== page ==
City Budget Restores Funding For Street Tree Maintenance
Help is on the way for Queens property owners who have been overburdened for years by the cost of pruning and maintaining city street trees.
The City Council and the Bloomberg administration reached a last-minute agreement in recent budget talks that added $1.45 million for tree pruning to the Parks Department budget, in a move designed to help prevent accidents and cut response time on street tree complaints.
Queens property owners have for years been seeking answers to questions regarding maintenance of street trees planted under Mayor Michael Bloomberg’s “Million Tree” incentive. The program is currently halfway to its goal of planting one million new street trees in communities throughout the five boroughs.
The Department of Parks and Recreation (DOP) has relied heavily on independent contractors to trim and maintain the city’s 600,000 street trees.
Trees in city parks and playgrounds are inspected by the city every two weeks by DOP supervisors who alert the DOP Forestry Division if they see a need for immediate maintenance.
But the question remains for many homeowners that have city trees on their sidewalks–who is responsible for upkeep of the trees?
If the city plants a tree (or trees) on your sidewalk you, the property owner, are responsible for simple maintenance for one year after planting.
Simple maintenance includes soil or mulch replacement, cleaning of tree bed and/or watering, when necessary.
If you have an older tree on your property (one-year and up), you may call 311 for all required maintenance, including pruning, root cutting, soil or mulch replacement and other repairs as necessary.
If a street tree located on your property has roots that are growing out of the sidewalk, breaking the cement, you may call 311 to ask for a Forestry crew to cut back the roots.
In many cases, workers will break open the sidewalk around the tree to create a larger tree cut that will allow the roots to grow without causing sidewalk damage, a Parks Department spokesperson said.
If the work results in damage to the sidewalk, the property owner is responsible to repair the damage, the spokesperson said.
The property owner may insist that the city repair the damage, if you can prove that the damage was caused by city tree maintenance crews. Proof should include before and after photos, along with photos and documentation showing how the damage occurred.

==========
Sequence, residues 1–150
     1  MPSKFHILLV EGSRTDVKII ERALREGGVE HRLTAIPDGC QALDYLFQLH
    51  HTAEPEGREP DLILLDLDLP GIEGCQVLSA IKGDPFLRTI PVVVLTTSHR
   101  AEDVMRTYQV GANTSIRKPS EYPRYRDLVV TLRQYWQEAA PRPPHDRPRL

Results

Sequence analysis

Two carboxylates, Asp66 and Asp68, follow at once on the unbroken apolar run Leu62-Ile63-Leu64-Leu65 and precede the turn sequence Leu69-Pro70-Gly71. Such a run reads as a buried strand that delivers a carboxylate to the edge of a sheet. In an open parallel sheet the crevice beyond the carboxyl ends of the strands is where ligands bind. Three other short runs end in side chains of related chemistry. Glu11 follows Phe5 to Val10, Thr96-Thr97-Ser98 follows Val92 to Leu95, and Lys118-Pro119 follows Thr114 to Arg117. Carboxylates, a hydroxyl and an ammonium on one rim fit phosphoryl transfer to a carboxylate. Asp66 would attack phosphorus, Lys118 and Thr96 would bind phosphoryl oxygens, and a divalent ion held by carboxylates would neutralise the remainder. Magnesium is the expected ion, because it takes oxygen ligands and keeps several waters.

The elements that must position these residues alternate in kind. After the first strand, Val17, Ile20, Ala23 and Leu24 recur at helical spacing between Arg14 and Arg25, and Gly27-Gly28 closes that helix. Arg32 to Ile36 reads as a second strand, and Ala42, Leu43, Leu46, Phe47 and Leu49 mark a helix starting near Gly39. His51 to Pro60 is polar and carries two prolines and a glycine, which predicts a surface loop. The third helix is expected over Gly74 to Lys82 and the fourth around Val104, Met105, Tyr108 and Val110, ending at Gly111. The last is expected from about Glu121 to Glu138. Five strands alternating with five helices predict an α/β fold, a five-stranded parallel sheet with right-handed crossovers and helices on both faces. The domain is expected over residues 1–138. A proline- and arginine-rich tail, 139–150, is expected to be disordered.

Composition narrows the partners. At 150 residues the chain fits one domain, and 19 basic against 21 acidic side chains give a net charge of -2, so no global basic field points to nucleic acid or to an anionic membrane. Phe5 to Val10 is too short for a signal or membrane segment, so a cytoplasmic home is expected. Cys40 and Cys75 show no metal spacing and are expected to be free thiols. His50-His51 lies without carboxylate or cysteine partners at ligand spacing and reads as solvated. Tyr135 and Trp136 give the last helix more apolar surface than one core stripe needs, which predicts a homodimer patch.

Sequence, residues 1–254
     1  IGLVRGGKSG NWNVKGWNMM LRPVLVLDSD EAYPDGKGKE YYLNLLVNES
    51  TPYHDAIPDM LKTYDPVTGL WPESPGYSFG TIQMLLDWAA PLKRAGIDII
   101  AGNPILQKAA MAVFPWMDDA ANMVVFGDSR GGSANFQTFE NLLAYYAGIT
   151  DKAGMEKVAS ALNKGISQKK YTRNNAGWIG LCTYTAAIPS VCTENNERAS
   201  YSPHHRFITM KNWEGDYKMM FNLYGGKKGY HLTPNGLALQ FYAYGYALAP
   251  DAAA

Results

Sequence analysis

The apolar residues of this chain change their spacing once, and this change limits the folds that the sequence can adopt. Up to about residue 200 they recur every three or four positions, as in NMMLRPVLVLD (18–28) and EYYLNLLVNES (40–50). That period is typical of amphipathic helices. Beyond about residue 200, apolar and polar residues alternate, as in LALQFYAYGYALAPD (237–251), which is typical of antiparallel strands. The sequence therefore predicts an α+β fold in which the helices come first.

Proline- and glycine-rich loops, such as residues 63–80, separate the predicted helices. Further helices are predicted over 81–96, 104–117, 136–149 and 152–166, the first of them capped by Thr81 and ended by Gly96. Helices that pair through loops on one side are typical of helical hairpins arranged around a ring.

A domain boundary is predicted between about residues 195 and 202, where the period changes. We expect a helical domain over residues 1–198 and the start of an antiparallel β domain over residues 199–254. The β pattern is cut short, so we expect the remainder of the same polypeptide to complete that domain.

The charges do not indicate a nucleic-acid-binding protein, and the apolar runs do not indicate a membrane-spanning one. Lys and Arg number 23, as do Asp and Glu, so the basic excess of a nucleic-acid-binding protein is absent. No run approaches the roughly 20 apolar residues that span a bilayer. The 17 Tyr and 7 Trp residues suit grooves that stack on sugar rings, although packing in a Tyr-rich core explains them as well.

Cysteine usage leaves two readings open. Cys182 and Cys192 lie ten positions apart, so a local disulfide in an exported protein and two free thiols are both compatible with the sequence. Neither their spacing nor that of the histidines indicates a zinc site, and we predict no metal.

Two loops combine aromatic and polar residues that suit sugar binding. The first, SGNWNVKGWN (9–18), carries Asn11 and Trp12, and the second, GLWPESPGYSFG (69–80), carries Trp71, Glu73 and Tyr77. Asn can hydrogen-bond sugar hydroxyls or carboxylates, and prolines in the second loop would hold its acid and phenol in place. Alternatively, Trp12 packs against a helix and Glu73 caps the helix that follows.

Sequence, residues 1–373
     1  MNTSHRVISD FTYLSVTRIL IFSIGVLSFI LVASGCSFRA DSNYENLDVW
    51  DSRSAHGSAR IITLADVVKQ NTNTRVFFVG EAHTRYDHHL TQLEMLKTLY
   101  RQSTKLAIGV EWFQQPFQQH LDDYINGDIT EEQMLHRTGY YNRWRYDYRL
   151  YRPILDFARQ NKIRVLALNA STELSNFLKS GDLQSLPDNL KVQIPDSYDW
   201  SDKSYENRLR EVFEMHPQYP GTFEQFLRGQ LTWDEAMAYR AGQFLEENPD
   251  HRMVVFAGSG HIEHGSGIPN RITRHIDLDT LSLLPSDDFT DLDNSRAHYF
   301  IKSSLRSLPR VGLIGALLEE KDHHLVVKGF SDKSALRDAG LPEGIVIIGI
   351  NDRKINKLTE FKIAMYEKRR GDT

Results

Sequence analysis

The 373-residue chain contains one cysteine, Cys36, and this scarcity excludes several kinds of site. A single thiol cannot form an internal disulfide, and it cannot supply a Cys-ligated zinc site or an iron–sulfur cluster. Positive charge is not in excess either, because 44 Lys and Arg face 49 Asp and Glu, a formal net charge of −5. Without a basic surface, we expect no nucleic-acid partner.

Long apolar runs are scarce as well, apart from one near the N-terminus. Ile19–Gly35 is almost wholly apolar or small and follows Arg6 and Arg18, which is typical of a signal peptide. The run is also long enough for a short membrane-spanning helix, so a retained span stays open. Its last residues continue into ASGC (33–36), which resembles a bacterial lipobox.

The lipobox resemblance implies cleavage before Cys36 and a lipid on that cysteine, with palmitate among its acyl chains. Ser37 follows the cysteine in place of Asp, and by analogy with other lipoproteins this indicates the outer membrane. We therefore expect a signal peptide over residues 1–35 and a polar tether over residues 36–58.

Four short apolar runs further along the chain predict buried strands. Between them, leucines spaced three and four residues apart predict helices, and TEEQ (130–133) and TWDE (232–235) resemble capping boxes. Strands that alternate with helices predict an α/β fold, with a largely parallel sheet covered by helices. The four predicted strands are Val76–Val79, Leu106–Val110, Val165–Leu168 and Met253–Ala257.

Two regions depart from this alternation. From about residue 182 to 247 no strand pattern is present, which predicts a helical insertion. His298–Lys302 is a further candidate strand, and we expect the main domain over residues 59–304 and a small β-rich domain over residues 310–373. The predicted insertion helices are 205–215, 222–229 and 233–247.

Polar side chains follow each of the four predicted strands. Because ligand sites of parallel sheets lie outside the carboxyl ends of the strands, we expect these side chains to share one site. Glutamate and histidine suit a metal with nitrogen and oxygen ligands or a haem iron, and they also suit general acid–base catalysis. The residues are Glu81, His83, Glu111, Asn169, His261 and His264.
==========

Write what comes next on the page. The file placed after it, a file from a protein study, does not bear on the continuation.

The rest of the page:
Community activists in Queens suggest that homeowners take a photo of newly-planted trees to provide proof of the sidewalk condition at the time of the planting.
If the sidewalk is not repaired in a timely fashion the property owner may be subject to a fine issued by the Department of Buildings.
Parks officials said the agency currently has no funds for the removal of tree stumps from city sidewalks.
Officials said workers would come out, on request, to cut down dead or dangerous trees–leaving the tree stump behind. The cash-strapped agency will not remove the tree stump from the sidewalk after the tree is cut down, officials said.
In cases where the stump is impeding pedestrian traffic or causing damage that could lead to accidental fall or injury, the property owner must pay to have the stump removed. Agency sources said tree stump removal is an expensive proposition, so many property owners are “simply refusing” to pay a landscaper to dig up the stumps.
Due to budget cuts, homeowners who requested tree pruning by DOP were forced to wait up to 15 years for the service. The backlog was due to a shortage of workers resulting from layoffs, city officials said.
The DOP is urging property owners to sign up for classes of instruction on how-to maintain street trees, including pruning, root maintenance, soil enhancement and other maintenance.
Anyone caught pruning, cutting or performing maintenance on city street trees who has not completed the how-to instruction will receive a summons and a fine determined at a court hearing, DOP officials said.
“The city is firm on this point,” a DOP spokesperson said. “Do not mess with city street trees.”
Property owners interested in attending the classes should call 311 for information. People who successfully complete the course will be issued a certificate stating they are trained in tree maintenance.
The $2 million in funding for street tree maintenance, while not permanent, will help DOP return to a seven-year pruning cycle, an agency spokesperson said.